NCPA - National Center for Policy Analysis


June 10, 2009

The Family and Medical Leave Act of 1993 (FMLA) requires employers to allow employees to take 12 weeks of unpaid leave annually for a serious illness, to care for an immediate family member, or following an adoption or birth.  The FMLA now applies to companies that employ 50 or more workers, but during the campaign President Obama supported expanding it to cover businesses with as few as 25 employees.

The FMLA was enacted with good intentions:  to help employees strike the right balance between their personal lives and careers without being penalized.  Unfortunately, it adds to the cost of employment, reduces the ability of employers and employees to make flexible workplace arrangements, and makes small businesses less competitive in the marketplace.  Expanding the FMLA will have many unintended consequences that will hurt, not help, working families, say Terry Neese, a distinguished fellow, and Michelle Heinen and Daniel Wityk, research assistants, all with the National Center for Policy Analysis.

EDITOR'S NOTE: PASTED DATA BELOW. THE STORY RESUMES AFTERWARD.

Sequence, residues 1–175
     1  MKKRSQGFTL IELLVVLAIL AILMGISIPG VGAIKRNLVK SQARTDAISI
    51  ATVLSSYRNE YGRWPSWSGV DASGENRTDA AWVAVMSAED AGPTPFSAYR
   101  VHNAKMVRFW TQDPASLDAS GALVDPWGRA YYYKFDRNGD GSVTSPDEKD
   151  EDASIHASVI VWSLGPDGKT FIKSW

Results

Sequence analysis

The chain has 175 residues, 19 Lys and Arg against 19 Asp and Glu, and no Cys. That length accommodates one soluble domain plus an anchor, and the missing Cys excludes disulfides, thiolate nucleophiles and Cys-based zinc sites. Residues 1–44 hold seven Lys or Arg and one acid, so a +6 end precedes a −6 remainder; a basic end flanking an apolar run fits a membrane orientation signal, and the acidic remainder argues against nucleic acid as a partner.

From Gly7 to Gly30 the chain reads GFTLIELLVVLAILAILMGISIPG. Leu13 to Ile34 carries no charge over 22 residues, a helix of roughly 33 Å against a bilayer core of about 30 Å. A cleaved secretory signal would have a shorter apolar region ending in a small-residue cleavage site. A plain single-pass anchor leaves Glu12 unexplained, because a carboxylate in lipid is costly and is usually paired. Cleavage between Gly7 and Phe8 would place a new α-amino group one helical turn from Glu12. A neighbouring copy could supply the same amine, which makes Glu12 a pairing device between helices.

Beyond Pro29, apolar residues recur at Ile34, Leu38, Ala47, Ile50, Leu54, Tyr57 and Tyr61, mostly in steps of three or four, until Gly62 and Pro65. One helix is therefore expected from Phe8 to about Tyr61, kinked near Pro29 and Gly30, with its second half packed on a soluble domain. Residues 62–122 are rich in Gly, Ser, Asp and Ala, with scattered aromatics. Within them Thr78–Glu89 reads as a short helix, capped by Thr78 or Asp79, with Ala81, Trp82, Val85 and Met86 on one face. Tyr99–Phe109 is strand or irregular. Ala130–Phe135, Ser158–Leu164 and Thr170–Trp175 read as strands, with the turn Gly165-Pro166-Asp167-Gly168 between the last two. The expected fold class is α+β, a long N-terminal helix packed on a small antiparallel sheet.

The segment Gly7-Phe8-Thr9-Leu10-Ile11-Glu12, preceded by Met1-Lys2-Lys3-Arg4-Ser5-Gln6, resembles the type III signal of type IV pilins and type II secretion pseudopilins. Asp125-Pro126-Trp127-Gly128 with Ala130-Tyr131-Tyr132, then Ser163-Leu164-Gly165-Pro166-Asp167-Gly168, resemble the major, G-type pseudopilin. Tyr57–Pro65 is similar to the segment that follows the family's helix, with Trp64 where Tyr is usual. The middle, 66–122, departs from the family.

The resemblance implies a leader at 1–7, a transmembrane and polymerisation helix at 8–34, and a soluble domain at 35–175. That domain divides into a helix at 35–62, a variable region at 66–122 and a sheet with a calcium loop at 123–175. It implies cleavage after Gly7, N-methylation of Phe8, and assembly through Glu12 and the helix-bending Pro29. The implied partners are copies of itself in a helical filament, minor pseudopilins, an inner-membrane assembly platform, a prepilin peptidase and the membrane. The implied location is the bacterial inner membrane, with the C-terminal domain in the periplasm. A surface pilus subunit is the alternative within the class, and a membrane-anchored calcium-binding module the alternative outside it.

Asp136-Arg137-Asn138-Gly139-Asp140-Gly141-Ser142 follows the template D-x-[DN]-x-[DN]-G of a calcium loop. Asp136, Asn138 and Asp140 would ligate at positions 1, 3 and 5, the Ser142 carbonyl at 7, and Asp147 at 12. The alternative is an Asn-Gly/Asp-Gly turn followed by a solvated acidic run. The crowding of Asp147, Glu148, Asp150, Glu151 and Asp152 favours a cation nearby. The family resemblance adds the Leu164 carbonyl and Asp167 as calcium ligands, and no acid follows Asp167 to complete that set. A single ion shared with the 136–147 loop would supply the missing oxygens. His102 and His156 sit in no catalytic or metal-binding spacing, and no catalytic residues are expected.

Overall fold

Businesses and their employees bear the cost of the FMLA.  According to the Employment Policy Foundation, direct FMLA compliance costs totaled $21 billion in 2004.  Specifically:

  • The FMLA cost businesses $4.8 billion due to lost productivity, particularly intermittent leave for such activities as doctor's appointments.
  • $5.9 billion for health benefits employers are required to continue providing employees on leave.
  • $10.3 billion to temporarily replace workers.

Rather than relying on costly mandates like the FMLA, the government should consider policies that increase workplace flexibility, say Neese, Heinen and Wityk:

  • For instance, many employees would prefer to receive compensatory time off in lieu of overtime pay, but the Fair Labor Standards Act (FLSA) requires overtime work to be compensated with time-and-a-half cash wages.
  • This means that employees who work extra hours one week are unable to offset those hours with comp time in a subsequent week.
  • Since the 1970s, federal and state employees have been allowed to substitute comp time off in lieu of overtime wages; private sector workers should have similar options.

Source: Terry Neese, Michelle Heinen and Daniel Wityk, "Workplace Flexibility versus Unpaid Leave," National Center for Policy Analysis, Brief Analysis No. 661, June 10, 2009.

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